I’m back from the Clarinet Academy of the South, a weeklong series of masterclasses by Robert DiLutis and D. Ray McClellan. The “Academy,” in its inaugural year, was held at the lovely campus of my recent alma mater, the University of Georgia. Dr. McClellan is the clarinet professor at UGA, and a former member of the President’s Own Marine Band. Mr. DiLutis is the clarinet professor at Lousiana State University, and formerly of the Rochester Philharmonic and the Eastman School of Music.
Around two dozen clarinetists attended. Most were college or graduate-school clarinet students, but there were also some professionals and educators. Many were current or former UGA or LSU students, and some were newly-admitted students looking to get a leg up for the fall.
Although the attendees found time to socialize, explore the campus, and try some favorite local eateries, the overall tone of the camp was studious. Each day’s itinerary began with practice time at 8:00 A.M., and finished after three intensive masterclass sessions at 9:00 P.M. Most of the attendees stayed in inexpensive and convenient on-campus housing.
Some highlights of the week included an opening recital by Mr. DiLutis and Dr. McClellan, sessions on reed adjusting and reedmaking by Mr. DiLutis, a class on phrasing by Dr. McClellan, a mock orchestral audition, and sessions dedicated to the Mozart concerto and the Nielsen concerto.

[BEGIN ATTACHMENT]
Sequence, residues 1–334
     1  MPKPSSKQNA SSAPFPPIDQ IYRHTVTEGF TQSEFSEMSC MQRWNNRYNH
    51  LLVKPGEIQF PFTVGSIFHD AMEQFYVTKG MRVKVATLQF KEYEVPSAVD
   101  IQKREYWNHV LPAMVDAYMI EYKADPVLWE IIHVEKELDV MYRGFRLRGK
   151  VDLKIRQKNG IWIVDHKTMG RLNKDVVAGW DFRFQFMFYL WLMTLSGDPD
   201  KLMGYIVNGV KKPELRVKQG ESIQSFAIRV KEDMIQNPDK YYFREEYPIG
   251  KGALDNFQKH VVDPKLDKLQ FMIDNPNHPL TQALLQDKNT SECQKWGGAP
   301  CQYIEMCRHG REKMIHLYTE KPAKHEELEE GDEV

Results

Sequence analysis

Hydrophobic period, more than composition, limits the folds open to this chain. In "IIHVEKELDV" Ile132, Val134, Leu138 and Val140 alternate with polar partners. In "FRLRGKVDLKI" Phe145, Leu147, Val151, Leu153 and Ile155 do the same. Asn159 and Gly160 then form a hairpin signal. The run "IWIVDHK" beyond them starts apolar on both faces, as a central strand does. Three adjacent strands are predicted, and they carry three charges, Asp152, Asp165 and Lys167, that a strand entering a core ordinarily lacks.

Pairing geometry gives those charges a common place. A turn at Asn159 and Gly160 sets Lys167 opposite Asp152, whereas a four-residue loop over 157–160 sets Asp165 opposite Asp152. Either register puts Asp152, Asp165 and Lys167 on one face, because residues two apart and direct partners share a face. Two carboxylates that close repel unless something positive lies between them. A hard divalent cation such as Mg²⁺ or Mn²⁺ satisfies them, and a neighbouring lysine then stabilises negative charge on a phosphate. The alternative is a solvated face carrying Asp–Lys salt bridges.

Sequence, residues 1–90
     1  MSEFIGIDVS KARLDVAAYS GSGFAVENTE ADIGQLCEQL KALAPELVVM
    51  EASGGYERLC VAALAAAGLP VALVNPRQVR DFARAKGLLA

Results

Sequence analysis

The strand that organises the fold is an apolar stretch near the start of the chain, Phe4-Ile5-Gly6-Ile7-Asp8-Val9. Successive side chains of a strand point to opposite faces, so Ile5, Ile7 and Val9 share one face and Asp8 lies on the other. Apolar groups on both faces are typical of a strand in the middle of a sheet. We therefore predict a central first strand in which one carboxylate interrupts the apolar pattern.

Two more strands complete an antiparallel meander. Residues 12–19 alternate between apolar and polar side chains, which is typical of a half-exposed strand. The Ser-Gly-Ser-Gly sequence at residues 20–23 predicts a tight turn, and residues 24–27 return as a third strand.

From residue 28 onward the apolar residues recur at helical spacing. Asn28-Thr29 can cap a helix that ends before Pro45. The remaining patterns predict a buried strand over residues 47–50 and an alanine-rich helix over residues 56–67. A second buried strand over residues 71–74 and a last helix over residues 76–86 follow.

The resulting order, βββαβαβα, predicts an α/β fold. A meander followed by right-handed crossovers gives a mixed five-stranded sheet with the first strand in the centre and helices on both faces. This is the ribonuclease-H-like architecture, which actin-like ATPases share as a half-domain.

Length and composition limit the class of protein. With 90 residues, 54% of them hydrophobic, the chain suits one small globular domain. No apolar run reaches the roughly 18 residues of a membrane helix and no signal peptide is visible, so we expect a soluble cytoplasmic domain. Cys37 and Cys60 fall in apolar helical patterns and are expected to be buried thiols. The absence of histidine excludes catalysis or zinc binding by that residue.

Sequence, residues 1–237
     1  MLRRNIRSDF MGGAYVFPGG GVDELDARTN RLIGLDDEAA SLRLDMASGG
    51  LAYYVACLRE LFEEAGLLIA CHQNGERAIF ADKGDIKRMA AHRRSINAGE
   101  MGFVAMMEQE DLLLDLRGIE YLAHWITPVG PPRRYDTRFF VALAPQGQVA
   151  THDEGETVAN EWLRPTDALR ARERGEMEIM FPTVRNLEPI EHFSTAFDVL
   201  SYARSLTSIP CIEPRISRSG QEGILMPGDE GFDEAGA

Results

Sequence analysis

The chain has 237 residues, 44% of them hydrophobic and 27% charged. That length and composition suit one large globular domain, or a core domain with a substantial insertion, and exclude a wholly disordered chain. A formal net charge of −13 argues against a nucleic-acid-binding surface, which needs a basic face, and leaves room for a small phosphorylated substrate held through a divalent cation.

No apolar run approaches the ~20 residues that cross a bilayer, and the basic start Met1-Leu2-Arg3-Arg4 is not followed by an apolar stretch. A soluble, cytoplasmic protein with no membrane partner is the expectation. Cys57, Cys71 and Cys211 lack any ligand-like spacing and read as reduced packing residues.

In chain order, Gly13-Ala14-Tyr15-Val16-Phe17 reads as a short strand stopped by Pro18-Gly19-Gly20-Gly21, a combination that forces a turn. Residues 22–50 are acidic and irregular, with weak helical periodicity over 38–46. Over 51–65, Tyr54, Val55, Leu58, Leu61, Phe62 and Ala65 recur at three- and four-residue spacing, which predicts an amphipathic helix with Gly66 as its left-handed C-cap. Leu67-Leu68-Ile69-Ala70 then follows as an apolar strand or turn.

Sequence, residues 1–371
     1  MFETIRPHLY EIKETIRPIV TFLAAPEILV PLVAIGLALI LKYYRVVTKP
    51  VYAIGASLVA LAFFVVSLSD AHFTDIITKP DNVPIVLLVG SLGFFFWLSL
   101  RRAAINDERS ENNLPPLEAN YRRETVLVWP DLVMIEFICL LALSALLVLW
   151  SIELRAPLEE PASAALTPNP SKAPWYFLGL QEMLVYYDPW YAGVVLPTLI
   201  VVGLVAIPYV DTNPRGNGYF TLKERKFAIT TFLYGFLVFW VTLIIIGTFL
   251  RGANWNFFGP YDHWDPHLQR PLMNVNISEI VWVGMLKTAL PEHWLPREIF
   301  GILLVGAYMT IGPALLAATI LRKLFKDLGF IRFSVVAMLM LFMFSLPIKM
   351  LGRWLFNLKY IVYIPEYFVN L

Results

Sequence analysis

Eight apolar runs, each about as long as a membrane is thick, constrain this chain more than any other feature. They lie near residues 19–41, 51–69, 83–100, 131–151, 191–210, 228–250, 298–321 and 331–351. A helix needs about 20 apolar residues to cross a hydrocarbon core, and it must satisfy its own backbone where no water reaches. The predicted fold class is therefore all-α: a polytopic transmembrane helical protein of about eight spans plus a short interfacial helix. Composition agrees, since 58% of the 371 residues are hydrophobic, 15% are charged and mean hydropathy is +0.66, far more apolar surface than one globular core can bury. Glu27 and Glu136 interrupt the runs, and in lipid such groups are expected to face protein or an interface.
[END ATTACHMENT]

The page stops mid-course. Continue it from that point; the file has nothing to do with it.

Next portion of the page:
Both Dr. McClellan and Mr. DiLutis were students of David Weber at the Juilliard School, and the late Mr. Weber’s influence was omnipresent at the Academy. Evening masterclass sessions ended with reminiscences, often humorous, of their time under his tutelage. An end-of-the-week dinner in Dr. McClellan’s home turned into a “listening party” with recordings of David Weber and other fine clarinetists that fell within his sphere of influence.
As the end of the week, Mr. DiLutis and Dr. McClellan expressed their intent to hold the event again next year, and to consider some variations on the format (possibly to include private lessons and more performance opportunities for attendees).
I found it to be an enjoyable and educational week, at a surprisingly affordable price. Dr. McClellan and Mr. DiLutis are artists and educators of the highest caliber, and anxious to share their knowledge. Keep an eye open for it in 2012!
1 thought on “Report: Clarinet Academy of the South 2011”
I too, found this to be an extremely enjoyable and educational week. This experience will go a long way in improving both my teaching and performance skills. I congratulate both Dr. McClellan and Mr. DiLutis for providing an excellent experience.